News From Go Plymouth Foam

What You Should Ask Your Roofer?

Is the Roof Insulation’s R-Value Guaranteed?
Is it the BEST Value?

Many times Polyisocyanurate (Polyiso) roof insulation is specified because it comes standard in NDL (No Dollar Limit) Roof Warranties. No Dollar Limit Roof Warranties sound good but does it guarantee the R-value of the insulation? Would you be surprised if the answer is no, it doesn’t? This can provide a great “Value Engineering” opportunity for your project. NDL Roof warranties using Polyiso are not free. Some believe they are “overpriced extended warranties” that force you to buy all the components from one source, which in turn, drives up the cost of roofing. So ask your roofer what type of insulation he is using and then ask him to give you an option to use Engineered EPS from Plymouth Foam.

What should you ask your roofer

The technological advancement for Engineered EPS is truly amazing and the new research is showing why you should insist on using Engineered EPS Roofing Insulation on your project. The real secret is EPS is the best value in roofing. Not only is it less expensive, it is the best value in roof insulation for many reasons.


• EPS’s R-value stays consistent over the life of the product and we guarantee it!
• In cold weather, Polyiso’s R-value goes down, our Engineered EPS goes up.
• Safer product - no offgassing, no CFC OR HCFC and 100% recycable.
• Closed cell that resists moisture but has the ability to expel it faster.
• Compatible with other rigid insulations for mixed systems.
• Available in 12 various compressive strengths


Want to save money on a project? Ask your specifier to value engineer and use Plymouth Foam EPS. The saving will surprise you.

Need more help convincing the specifier that Plymouth Foam’s Engineered EPS is the best product? Ask us for our substitution package.

For more information contact us at
info@goplymouthfoam.com

New R-value Laws - Full Disclosure?


Ever since I saw my first bullt-up roof blister caused by off-gassing of Polyisocyanurate Insulation (1988), I have been analyzing and studying R-values in insulation. My major concern and conclusion was that R-value was not being stated correctly. This made predictive energy modeling and utility cost estimating not very reliable, not to mention over paying for overstated R-values. I believed that full disclosure through a method like LTTR (Long-Term Thermal Performance) would help with give a more accurate accounting.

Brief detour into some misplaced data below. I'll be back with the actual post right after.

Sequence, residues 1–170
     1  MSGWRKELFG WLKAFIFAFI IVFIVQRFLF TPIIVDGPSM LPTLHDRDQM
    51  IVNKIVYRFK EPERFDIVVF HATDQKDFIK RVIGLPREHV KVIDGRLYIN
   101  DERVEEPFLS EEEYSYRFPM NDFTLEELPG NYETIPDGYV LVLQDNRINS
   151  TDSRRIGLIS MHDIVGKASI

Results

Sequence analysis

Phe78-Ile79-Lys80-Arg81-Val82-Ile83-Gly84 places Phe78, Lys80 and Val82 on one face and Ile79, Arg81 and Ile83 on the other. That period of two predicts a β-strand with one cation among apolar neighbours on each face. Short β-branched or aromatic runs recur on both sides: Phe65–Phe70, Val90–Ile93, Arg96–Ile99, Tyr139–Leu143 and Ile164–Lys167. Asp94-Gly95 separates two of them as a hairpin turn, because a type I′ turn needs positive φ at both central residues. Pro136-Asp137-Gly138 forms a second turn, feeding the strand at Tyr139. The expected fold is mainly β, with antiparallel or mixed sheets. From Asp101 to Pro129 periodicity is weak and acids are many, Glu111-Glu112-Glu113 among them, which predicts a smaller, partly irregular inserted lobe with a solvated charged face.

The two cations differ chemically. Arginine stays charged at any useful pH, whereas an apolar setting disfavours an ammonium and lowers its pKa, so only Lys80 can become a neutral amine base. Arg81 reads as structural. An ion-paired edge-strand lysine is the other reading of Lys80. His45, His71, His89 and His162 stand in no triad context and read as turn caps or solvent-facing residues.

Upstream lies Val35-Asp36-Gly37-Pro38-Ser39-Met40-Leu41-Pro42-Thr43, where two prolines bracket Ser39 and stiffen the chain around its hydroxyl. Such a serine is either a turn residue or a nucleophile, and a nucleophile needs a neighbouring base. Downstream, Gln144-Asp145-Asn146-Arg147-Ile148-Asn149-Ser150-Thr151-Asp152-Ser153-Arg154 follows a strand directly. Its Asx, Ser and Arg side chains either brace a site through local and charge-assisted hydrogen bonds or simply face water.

(LTTR - Read Article)

This October 2019, the US Federal Trade Commission will finally close a loophole in regard to Extruded Polystyrene (XPS) and their avoidance to “fully reflect the effect of aging” on their product. “The final rule, though not mandating a prescriptive LTTR method, requires that manufacturers publish R-values” that are more accurate.

New Laws R-value

The EPS Industry Alliance in a recently published paper, (Polystyrene Foam Insulation in Long-Term Building Applications, Effective R-Values) provided a method to estimate effective R-value for polystyrene insulation. This has started to address my two biggest issues with Effective R-values - 1) “Long-Term” and 2) testing temperature of 75ºF.

Long-term testing statements in insulation should not be 5-15 years (we don’t build building to last 5 years) but rather 50 years. So what is the average R-value over 50 years in a building? Fifty year testing is more reflective of homes and buildings insulation life cycles. Even though the Federal Trade Commission is mandating LTTR for XPS, they are still leaving a loophole by allowing “open” LTTR test methods and not requiring a 50 year prescriptive method. It will be interesting to see what the XPS industry comes up with for R-value. Will it be 4.3r/inch like the testing showed from the EPS Industry Alliance?